Perhaps the Tartarus V2’s target audience already possesses all of those items, but it emphasizes that the Tartarus V2 is an extremely niche product, even within the already-niche world of gaming accessories.
The mecha-membrane keys are enough on their own: They aren’t as gratifying as a mechanical switch, but neither are they as squishy as a membrane type. I couldn’t put them through a typing test since writing anything on a keypad would be a struggle (25 keys, 26 letters in the English alphabet, for starters), but they felt responsive and comfy.
The D-pad proved to be a fascinating component to test. For a complete thumbstick on a gaming controller, it functions more like a series of arrow keys, with a command in between each pair of cardinal directions. Depending on your genre, it might be valuable or completely pointless, as stated below.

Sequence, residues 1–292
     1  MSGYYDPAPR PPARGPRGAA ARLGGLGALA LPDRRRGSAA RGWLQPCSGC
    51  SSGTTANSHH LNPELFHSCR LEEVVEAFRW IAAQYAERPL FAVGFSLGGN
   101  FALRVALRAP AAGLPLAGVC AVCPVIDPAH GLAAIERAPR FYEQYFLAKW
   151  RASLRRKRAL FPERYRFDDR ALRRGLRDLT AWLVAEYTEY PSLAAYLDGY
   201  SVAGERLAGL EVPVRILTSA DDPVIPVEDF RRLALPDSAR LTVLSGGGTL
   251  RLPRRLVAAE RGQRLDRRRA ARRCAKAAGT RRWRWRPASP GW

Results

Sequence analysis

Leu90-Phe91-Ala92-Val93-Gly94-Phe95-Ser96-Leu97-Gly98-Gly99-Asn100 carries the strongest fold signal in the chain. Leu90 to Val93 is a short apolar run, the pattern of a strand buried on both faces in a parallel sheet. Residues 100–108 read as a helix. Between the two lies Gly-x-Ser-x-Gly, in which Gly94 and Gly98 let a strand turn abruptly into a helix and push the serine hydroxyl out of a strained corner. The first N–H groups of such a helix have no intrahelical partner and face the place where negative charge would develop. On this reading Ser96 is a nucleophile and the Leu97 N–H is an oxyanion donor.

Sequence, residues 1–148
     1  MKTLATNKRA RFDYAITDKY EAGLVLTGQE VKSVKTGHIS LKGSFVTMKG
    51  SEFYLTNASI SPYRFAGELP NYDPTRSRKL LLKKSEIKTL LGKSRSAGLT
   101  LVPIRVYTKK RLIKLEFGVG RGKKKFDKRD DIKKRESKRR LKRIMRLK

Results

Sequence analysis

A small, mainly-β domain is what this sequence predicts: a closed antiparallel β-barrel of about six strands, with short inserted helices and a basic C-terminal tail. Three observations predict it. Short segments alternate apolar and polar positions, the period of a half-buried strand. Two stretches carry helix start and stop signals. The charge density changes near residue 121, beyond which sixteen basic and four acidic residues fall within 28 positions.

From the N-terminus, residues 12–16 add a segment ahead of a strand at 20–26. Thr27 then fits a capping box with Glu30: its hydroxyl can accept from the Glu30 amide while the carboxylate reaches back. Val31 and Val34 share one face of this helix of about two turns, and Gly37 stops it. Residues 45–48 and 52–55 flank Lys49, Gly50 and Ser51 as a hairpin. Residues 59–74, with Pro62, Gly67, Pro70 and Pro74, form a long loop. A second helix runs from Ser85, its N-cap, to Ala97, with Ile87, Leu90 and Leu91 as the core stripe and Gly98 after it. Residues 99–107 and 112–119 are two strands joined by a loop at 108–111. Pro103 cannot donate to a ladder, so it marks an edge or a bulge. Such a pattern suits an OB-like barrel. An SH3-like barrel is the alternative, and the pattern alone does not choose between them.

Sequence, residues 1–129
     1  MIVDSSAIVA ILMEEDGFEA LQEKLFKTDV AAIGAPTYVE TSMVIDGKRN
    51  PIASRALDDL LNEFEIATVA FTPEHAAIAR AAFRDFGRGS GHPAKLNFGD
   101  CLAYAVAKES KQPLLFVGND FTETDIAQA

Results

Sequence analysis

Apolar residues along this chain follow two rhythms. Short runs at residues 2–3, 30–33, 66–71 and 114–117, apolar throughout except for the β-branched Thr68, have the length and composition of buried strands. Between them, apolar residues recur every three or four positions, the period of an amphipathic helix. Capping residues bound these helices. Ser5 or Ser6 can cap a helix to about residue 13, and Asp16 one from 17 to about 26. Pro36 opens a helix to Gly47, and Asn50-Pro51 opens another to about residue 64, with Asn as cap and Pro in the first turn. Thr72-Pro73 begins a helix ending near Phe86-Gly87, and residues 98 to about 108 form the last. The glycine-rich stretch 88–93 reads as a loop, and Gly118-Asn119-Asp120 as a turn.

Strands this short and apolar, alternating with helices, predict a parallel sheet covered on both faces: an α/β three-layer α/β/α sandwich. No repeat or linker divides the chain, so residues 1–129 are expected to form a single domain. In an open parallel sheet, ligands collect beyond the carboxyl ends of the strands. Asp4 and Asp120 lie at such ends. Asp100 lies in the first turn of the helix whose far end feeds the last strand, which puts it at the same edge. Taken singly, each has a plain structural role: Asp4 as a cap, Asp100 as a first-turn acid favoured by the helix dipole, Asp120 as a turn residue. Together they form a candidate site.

The Tartarus V2’s most remarkable feature is that it exists. There aren’t a lot of small-form gaming keypads on the market, especially from large peripheral companies. However, everything necessary in functionality comes from the Razer Synapse 3.0 software.
Synapse 3.0 is still in beta. With many white backdrops and space between choices, the whole software seems minimalist. Setting up the Chroma lighting settings takes trial and error, but it automatically syncs with other Razer goods, which is a nice touch. While configuring these options takes much time, you might have about 150 distinct commands at your disposal in each game. The main issue is that no keys are allocated to enable Hypershift or change keymaps by default. It’s not difficult to program them, but it seems weird to have one of the Tartarus V2’s most delicate features, an opt-in rather than an endemic feature.
The keypad will not move (fast) during intensive FPS sessions due to the pads on the bottom. As a consequence of the lack of space on my desk, the joystick was not always steady.